Sisters put interreligious dialogue in action on predominantly Muslim island

Bomb experts from the military secure the scene of an explosion at St. Joseph Mfanyakazi Catholic Church in Arusha, Tanzania, May 5, 2013. The bombing left at least two people dead and dozens injured while a Vatican nuncio escaped unharmed. (CNS/Reuters)

Zanzibar, Tanzania — It was the poverty and sense of isolation that drew the Evangelizing Sisters of Mary to Zanzibar in the first place. But when the violence started, even destroying their own church, it was their commitment to peace that made them stay.

“Many people tried to tell us to come back [to mainland Tanzania]. But we said if we run away, we’re running away from the cross of Christ. How can we leave people here?” said Sr. Yusta Tesha.

Zanzibar is an island off the coast of Tanzania known for pristine beaches at tourist resorts and busy commercial ports. Mainland Tanzania is split evenly between Muslims, Christians and traditional beliefs, while Zanzibar is more than 95 percent Muslim.

Arab traders that plied the coast of Africa throughout history made the island a central hub, and Islam became the dominant religion from their influence. There is a small community of approximately 11,000 Christians on the island of Zanzibar, out of a population of more than 1 million people.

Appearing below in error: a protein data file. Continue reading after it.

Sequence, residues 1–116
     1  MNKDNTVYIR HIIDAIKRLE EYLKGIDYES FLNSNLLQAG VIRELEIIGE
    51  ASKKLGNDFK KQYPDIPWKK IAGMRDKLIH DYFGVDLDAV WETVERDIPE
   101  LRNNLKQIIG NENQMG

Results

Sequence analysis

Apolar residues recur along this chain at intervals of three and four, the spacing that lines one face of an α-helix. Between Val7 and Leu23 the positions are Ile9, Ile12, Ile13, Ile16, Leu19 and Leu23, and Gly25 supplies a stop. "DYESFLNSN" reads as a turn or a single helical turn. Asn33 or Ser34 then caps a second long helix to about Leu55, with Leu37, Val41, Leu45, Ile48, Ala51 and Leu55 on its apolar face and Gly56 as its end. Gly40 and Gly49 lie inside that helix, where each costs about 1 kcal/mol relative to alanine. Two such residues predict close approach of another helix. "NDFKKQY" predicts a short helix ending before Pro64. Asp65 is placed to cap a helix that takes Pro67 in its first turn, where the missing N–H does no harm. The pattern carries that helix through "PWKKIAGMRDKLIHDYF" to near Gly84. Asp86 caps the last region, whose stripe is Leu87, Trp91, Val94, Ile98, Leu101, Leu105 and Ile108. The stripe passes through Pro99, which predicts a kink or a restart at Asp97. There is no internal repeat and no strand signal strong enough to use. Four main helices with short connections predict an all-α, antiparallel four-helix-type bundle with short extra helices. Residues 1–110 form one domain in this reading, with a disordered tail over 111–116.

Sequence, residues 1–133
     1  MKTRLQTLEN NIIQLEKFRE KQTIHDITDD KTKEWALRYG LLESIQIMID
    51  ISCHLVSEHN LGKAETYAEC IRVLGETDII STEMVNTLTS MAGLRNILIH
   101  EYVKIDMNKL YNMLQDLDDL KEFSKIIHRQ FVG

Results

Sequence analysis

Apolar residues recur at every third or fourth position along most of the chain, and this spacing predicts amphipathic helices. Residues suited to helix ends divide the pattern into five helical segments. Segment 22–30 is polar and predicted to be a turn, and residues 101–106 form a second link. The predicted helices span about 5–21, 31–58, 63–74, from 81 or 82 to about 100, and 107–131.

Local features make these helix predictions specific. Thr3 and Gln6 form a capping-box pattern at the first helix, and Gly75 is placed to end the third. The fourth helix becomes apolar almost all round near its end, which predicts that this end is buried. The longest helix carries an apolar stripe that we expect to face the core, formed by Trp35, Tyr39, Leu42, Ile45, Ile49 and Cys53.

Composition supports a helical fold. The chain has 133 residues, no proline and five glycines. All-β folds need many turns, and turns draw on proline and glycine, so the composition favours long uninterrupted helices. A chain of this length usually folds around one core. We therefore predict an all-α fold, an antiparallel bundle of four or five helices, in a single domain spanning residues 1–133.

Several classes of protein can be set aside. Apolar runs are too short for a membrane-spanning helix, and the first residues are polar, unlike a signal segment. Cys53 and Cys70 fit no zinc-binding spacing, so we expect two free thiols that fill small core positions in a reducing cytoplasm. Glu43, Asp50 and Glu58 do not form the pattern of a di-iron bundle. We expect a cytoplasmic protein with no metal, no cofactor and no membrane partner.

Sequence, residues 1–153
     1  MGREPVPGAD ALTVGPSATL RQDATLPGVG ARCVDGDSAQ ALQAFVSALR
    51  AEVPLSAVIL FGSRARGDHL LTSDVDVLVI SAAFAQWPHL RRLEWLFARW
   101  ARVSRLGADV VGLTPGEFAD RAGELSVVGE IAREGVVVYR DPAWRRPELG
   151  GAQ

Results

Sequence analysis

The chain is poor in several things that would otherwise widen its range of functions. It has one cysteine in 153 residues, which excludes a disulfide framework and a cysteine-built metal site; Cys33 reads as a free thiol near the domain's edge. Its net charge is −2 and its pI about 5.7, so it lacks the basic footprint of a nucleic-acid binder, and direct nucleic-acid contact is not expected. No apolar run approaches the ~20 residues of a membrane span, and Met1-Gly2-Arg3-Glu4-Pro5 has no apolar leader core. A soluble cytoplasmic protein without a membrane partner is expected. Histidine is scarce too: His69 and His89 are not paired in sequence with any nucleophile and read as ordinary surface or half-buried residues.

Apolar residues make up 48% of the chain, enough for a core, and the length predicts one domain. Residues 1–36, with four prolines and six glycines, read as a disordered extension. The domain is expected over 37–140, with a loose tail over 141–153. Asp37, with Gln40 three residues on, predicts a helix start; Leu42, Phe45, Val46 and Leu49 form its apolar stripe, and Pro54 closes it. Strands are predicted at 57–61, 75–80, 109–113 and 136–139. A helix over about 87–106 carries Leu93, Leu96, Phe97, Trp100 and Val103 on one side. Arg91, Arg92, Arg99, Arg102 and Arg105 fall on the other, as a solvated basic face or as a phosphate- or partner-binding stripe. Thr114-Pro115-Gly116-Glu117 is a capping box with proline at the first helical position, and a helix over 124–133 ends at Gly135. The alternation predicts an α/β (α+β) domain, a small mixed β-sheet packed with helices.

Though relations are generally tolerant, waves of Muslim extremism sometimes sweep through the island, fueled by radical groups who get support and inspiration from international terror groups like Al Qaeda, Al Shabaab and Boko Haram. The spring of 2012, when an angry extremist mob burned the Church of St. Joseph in Stone Town, Zanzibar, was one of these times of heightened tension.

But the sisters remembered the order’s original call, its charism to go to the remotest areas.

Read the full story at Global Sisters Report.

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